The chorus of concern about Kaspersky began to swell in the spring of 2017. Between March and July of that year, Kaspersky garnered attention in at least five committee hearings before both houses of Congress. For example, at one hearing dedicated to the subject of Russian cyber-operations, Senator Marco Rubio highlighted "open source reports" detailing ties between Kaspersky's founder, Eugene Kaspersky, and the Russian Federal Security Service, successor to the KGB. Disinformation: A Primer in Russian Active Measures and Influence Campaigns Panel II: Hearing Before the Senate Committee on Intelligence, 115th Cong., pt. 2, at 40 (2017). And at a later hearing, Senator Rubio asked six heads of various U.S. intelligence agencies, including the Central Intelligence Agency and the Federal Bureau of Investigation, whether they would install Kaspersky software on their own computers. All six replied no. See Open Hearing on Worldwide Threats: Hearing Before the Senate Committee on Intelligence ("Worldwide Threats"), 115th Cong. 48 (2017).

In September 2017, the Acting Secretary of Homeland Security issued Binding Operational Directive 17-01 (the "Directive"), which required most federal agencies to begin removing "Kaspersky-branded products" from their information systems within 90 days. National Protection and Programs Directorate; Notification of Issuance of Binding Operational Directive 17-01 and Establishment of Procedures for Responses ("BOD-17-01"), 82 Fed. Reg. 43, 782, 43, 783 (Sept. 19, 2017). Invoking her statutory authority to issue directives "for purposes of safeguarding Federal information and information systems from a known or reasonably suspected information security threat, vulnerability, or risk," 44 U.S.C. § 3552(b)(1), the Acting Secretary justified the Directive based on an interagency assessment of "the risks presented by Kaspersky-branded products," BOD-17-01, 82 Fed. Reg. at 43, 783. The Directive gave Kaspersky roughly two months to submit a response and announced that the Acting Secretary would issue a final decision by mid-December. BOD-17-01, 82 Fed. Reg. at 43, 784.

More congressional hearings followed. In October, the House Science Committee's Subcommittee on Oversight held a hearing on the potential threat posed by Kaspersky products to federal information systems. See Bolstering the Government's Cybersecurity: Assessing the Risk of Kaspersky Lab Products to the Federal Government: Hearing Before the House Subcommittee on Oversight, House Committee on Science, Space, and Technology, 115th Cong. 3 (2017). Several members expressed deep concerns about Eugene Kaspersky's personal and professional ties to Russia, citing reports that he was "educated at a KGB cryptography institute" and "worked for the Russian intelligence services before starting his software company." Id. at 12 (statement of Donald S. Beyer); see also id. at 4 (statement of Lamar S. Smith); id. at 8 (statement of Darin LaHood). The Committee also heard testimony about the susceptibility of the company's software to Russian exploitation, with one expert explaining that due to Russia's permissive "telecommunications surveillance and monitoring laws," Kaspersky could passively-in the absence of any "willful complicity or collaboration" in a Russian cyber-operation-provide the Russian government access to federal computers. Id. at 44 (testimony of Sean Kanuck).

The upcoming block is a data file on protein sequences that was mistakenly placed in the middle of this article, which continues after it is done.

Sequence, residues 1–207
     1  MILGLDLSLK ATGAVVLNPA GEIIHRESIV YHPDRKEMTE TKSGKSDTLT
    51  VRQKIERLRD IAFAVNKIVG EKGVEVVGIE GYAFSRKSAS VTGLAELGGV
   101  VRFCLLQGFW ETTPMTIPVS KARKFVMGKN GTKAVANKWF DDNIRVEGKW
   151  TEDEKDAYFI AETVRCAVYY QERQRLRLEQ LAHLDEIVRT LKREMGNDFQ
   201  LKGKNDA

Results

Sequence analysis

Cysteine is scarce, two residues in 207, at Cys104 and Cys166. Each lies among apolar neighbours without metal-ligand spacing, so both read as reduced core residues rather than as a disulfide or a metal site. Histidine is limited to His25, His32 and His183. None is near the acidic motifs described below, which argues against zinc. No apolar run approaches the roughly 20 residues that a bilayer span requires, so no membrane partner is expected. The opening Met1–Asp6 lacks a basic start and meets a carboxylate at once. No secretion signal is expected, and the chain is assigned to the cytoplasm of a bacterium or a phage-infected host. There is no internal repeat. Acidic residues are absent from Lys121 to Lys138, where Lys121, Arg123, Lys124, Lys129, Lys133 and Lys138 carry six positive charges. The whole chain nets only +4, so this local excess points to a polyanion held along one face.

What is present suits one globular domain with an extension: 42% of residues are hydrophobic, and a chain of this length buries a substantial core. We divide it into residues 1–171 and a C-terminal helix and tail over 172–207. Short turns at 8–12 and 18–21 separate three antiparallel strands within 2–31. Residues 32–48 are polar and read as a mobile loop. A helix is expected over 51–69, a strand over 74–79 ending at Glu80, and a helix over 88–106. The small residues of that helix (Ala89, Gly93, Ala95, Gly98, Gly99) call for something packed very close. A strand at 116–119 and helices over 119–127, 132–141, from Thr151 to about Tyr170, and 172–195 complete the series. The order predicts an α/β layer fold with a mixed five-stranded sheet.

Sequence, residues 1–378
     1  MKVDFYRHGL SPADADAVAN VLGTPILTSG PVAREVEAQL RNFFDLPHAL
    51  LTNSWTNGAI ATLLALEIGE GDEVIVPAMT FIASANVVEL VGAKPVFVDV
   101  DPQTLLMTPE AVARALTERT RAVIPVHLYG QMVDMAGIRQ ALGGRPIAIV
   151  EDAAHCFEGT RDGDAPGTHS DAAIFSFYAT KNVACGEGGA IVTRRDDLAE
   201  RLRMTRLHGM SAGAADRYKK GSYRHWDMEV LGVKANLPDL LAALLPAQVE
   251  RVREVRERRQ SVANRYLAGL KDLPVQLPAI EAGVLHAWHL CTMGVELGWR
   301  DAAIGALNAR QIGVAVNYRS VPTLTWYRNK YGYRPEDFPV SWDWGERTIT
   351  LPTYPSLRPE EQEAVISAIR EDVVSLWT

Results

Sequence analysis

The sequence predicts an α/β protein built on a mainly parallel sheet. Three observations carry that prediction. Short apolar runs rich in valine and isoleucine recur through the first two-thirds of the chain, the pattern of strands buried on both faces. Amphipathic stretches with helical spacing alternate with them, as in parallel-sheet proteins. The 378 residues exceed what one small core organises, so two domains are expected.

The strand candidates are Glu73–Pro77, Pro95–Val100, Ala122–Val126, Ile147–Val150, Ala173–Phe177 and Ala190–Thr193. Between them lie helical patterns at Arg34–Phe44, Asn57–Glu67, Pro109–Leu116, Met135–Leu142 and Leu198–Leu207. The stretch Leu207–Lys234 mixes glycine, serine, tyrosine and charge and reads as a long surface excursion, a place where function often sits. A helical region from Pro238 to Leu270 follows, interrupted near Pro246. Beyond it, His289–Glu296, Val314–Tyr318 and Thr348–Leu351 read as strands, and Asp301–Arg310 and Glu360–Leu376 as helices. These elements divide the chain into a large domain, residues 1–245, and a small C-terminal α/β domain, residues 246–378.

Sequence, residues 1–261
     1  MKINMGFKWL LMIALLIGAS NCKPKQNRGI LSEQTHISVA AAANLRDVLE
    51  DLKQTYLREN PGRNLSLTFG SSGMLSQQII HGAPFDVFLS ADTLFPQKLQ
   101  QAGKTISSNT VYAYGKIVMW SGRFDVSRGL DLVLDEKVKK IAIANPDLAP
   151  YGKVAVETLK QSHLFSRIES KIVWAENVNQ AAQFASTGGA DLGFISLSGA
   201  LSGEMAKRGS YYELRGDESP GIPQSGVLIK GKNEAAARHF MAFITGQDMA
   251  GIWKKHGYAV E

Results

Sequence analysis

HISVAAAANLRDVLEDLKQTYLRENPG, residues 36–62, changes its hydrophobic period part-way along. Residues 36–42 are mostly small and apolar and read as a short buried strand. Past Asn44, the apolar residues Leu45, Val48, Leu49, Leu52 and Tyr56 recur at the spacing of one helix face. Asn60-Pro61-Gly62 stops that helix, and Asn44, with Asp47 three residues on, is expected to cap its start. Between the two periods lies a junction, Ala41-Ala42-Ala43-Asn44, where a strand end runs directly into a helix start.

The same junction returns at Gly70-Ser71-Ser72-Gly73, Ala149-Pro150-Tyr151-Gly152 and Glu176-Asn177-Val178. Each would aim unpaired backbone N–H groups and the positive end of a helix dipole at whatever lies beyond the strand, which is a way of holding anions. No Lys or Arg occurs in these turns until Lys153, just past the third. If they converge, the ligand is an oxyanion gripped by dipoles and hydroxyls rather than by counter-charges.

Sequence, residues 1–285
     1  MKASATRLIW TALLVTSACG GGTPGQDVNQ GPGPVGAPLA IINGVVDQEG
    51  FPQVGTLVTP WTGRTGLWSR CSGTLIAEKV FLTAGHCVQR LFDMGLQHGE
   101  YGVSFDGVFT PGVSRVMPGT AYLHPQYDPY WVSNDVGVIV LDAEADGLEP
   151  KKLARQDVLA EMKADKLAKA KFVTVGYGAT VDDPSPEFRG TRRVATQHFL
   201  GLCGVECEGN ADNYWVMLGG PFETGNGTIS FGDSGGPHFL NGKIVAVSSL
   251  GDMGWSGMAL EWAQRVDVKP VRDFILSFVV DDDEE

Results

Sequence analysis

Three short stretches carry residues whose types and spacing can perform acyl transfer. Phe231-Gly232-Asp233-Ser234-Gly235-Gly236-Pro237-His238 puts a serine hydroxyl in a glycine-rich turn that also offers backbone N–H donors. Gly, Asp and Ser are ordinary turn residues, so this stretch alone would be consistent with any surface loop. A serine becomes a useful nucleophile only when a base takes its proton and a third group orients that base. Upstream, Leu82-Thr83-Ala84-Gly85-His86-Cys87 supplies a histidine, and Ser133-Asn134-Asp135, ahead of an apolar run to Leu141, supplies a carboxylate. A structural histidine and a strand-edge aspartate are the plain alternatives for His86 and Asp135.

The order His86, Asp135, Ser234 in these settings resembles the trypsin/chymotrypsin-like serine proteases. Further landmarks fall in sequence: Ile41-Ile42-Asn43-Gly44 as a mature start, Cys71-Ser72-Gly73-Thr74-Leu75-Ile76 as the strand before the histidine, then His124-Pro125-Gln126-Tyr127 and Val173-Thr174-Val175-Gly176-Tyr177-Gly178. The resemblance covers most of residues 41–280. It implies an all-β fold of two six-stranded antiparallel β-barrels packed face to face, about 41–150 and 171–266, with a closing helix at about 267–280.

The same subcommittee held a second hearing on November 14, this time to survey agencies' compliance with the Directive. See Bolstering the Government's Cybersecurity: A Survey of Compliance with the DHS Directive: Hearing Before the House Subcommittee on Oversight, House Committee on Science, Space, and Technology, 115th Cong. 22 (2017). The subcommittee heard testimony from Jeanette Manfra, Assistant Secretary for Cybersecurity and Communications at the Department of Homeland Security, who described the Department's rationale for issuing the Directive. She emphasized three concerns. First, "certain Kaspersky officials" enjoy "ties" to "Russian intelligence and other government officials." Id. at 19. Second, Russian law "allow[s] Russian intelligence agencies to request or compel assistance from Kaspersky and to intercept communications transiting Russian networks." Id. And third, all antivirus software, including Kaspersky's, receives "broad access" to the systems on which it operates. Id. So like a thief who has stolen a security guard's master key, a cyberattacker can exploit antivirus software's "elevated privileges" to inflict serious damage on the systems the software ostensibly protects. Id. In the Department's view, Manfra concluded, the Directive "is a reasonable, measured approach to the information security risks posed by . . . [Kaspersky] products to the federal government." Id.

Congress apparently agreed with the Department of Homeland Security's assessment that Kaspersky software presented a serious threat. Earlier, in July 2017, when considering the Senate version of the National Defense Authorization Act for Fiscal Year 2018 ("NDAA"), the Senate Armed Services Committee, citing "reports that the Moscow-based company might be vulnerable...